Wouldn’t you like to be just like a little bird, you know? Like, He’s praying. I wonder what he’s praying? You know, like, the actual words. What did he actually say? What are the kinds of prayers that really get through to God?
You’ve got it right here. We have a sample. He says, “When I heard these things I sat down, and I wept for some days, and I mourned and fasted and prayed before the God of heaven. Then I said” – there’s his actual prayer – “‘O Lord, God of heaven, the great and awesome God, who keeps His covenant of love with those who love Him and obey His commands.”
Here’s the request: “Let Your ear be attentive and Your eyes open to hear the prayer Your servant is praying before You.”
Notice the intensity. This isn’t some little, “Oh, I had a little liver quiver.” This is, “Night and day for Your servants, the people of Israel.”
Will you put a box around the words: O Lord? It’s His covenant name. It’s, “O Yahweh, the I AM THAT I AM, the Ever Existent One, the All Powerful One, the Personal One, the God of All the Earth.”
Put a box around God of Heaven – He’s Creator. Put a box around the word great – He’s all-powerful. Put a box around the word awesome. In the Old King James, it has the idea of “terrible,” or “fearful,” or “holy.” He is in a totally different category. And then, finally, put a box around the phrase: who keeps His covenant of loyal love.
A broken spirit begins with a restored view of God, not a beating up of yourself, of your view of you. And notice the high view of God: Yahweh, Creator, powerful, fearful, holy, loyal loving God.
Here’s what you need to understand. We all have issues and problems, right? Some people need a job, some people are in a difficult relationship, some people have money issues. You know, some people have kids who are driving them crazy, and some people have parents who are driving them crazy. Some people have a secret sin that they’ve never shared with anyone, and every time they come to church, they feel really guilty, and they want to draw near to God, and they have all this stuff going on inside.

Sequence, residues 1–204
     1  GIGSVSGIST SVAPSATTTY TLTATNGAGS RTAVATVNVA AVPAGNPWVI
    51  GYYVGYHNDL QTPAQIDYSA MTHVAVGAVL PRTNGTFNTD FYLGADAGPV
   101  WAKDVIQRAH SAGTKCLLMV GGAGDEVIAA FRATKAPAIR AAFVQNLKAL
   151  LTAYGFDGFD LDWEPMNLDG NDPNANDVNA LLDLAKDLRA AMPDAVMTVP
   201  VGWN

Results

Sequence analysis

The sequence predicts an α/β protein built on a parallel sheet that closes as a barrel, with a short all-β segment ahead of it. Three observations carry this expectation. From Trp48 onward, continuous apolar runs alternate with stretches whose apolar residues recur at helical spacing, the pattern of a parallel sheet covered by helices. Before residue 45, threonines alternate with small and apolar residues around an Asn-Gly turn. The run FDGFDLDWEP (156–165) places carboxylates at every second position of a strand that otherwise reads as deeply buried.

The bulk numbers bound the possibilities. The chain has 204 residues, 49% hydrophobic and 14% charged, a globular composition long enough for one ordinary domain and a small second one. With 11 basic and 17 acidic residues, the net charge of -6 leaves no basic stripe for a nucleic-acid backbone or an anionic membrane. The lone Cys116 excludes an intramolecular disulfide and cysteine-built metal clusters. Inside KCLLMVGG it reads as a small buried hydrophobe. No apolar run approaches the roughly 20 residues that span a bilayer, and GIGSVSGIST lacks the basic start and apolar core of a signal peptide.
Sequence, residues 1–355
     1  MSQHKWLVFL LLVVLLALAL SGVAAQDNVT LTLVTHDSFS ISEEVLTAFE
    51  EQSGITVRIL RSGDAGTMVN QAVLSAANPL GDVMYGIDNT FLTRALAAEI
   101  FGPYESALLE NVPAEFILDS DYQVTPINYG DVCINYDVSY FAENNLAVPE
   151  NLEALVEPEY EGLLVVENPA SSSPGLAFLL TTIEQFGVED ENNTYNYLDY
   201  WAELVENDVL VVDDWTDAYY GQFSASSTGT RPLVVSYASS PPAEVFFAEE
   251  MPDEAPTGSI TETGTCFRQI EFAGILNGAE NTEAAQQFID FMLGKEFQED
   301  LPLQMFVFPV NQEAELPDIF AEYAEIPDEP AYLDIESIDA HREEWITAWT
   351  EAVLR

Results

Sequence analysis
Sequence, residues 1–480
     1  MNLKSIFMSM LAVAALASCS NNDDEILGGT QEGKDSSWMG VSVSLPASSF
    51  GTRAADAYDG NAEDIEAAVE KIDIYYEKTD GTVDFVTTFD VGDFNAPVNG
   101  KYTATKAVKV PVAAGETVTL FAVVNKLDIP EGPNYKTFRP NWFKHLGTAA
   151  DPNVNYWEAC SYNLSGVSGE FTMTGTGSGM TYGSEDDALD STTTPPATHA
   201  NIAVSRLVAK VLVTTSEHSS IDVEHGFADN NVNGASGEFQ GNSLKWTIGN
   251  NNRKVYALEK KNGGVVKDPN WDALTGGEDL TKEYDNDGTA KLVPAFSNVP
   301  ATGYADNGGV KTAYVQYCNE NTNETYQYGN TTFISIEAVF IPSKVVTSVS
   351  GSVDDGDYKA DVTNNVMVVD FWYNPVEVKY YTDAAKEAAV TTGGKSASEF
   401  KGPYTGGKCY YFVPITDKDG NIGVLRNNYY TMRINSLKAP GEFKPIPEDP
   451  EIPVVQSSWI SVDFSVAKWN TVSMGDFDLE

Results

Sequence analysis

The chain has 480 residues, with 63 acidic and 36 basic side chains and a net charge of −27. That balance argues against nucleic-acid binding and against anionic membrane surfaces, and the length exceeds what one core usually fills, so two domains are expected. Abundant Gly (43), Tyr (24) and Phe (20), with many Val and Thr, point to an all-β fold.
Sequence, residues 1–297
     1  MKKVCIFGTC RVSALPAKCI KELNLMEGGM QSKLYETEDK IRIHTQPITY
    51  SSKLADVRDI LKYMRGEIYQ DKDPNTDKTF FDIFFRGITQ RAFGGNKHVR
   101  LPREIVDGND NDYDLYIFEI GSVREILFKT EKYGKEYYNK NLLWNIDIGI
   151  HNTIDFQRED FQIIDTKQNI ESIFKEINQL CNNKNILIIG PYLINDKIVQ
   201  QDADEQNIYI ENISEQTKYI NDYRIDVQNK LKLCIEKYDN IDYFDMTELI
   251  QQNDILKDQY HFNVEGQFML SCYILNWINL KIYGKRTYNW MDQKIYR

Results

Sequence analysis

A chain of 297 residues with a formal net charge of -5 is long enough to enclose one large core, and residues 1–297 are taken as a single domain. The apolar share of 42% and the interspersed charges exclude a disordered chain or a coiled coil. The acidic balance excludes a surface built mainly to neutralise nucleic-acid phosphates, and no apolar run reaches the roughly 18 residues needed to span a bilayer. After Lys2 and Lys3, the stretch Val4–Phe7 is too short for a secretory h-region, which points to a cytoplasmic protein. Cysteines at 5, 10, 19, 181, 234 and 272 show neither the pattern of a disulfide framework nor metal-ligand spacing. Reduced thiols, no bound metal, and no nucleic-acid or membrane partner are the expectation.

But whatever the problem is, the human tendency is to focus on the problem, focus on the problem, focus on the problem, focus on the problem. And then pretty soon, you look at all of life, and all relationships, and all circumstances through the problem.
And then, life stinks. And so, you drink stuff you shouldn’t, take pills that don’t help you, watch too much TV, and eat all the time, looking for pleasure, and trying to put something in your mind, or your heart, or your body that will keep you away from those bad feelings.
See, you either have really big problems, and a really small God, or you have a very big God, and very small problems. Those are the only two options.
Nehemiah saw a huge problem. He had a dislocated heart. And he had God-centered prayers. God-centered prayers. Are yours God-centered? Are mine God-centered? Or do we just whine and complain before the throne? “Oh God, what about this? Oh God, what about this? You haven’t done this, you know, and this, and this keeps happening. And what…”
Sometimes, we just worry out loud, and call it prayer. And we don’t even think about who we’re talking to. When Nehemiah prayed, he said, “I am speaking to the I AM THAT I AM. I’m speaking to the One who spoke, and the galaxies came into existence. I’m speaking to the One who has all power, and all resources. I’m speaking to One who keeps His covenant of loyal love.” And it starts by beginning to get a high view of God – a view of His majesty, His power, His wisdom, His love, His justice, and His holiness.
I love what [A.W.] Tozer says. I read, probably, a chapter of this book, the first fifteen years I was a Christian, every day, and then, I kind of cut back to maybe a chapter, once a week. It’s a tiny book, called The Knowledge of the Holy, and it’s just about God: What’s God like? Tozer writes, “Modern Christianity is simply not producing the kind of Christian who can appropriate, appreciate, or experience life in the Spirit. The words in Scripture, ‘Be still, and know that I am God,’ mean next to nothing to the self-confident, bustling worshipper in the middle period of this century.
“But the alarming thing is that our gains are mostly external, and our losses are wholly internal. And since it is the quality of our religion that is affected by internal conditions, it may be that our supposed gains are but losses spread over a wider field.”
We have never had more TV, never more video, never more mega-churches, never more presence. Christianity has never had “the external affluence and influence” but, all the while, the quality of the kinds of Christians we’ve been producing over the last fifty to seventy years is less, and less, and less like Jesus. They’re less holy, and they’re less loving. And they have less faith.
And, in the name of Jesus, we’ve sought personal peace and prosperity, and the average Gospel going out, in many parts of the world, is, Jesus is your self-help buddy, and life is really about you, make my life work out. And if I ever get cancer, or my marriage is in trouble, or my kids have a problem – ‘Hey, God, what’s the deal?'
And a high view of God will produce a life that has issues and problems, but we’ll see them in view of His wisdom, and His power, and His sovereignty, and the response is to trust.